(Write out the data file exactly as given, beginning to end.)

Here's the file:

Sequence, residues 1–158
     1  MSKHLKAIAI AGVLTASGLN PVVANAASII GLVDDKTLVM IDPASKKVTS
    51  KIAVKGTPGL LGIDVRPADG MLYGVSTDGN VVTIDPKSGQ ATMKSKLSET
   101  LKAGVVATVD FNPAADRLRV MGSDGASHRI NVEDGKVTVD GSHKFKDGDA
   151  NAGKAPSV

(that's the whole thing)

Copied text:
Sequence, residues 1–158
     1  MSKHLKAIAI AGVLTASGLN PVVANAASII GLVDDKTLVM IDPASKKVTS
    51  KIAVKGTPGL LGIDVRPADG MLYGVSTDGN VVTIDPKSGQ ATMKSKLSET
   101  LKAGVVATVD FNPAADRLRV MGSDGASHRI NVEDGKVTVD GSHKFKDGDA
   151  NAGKAPSV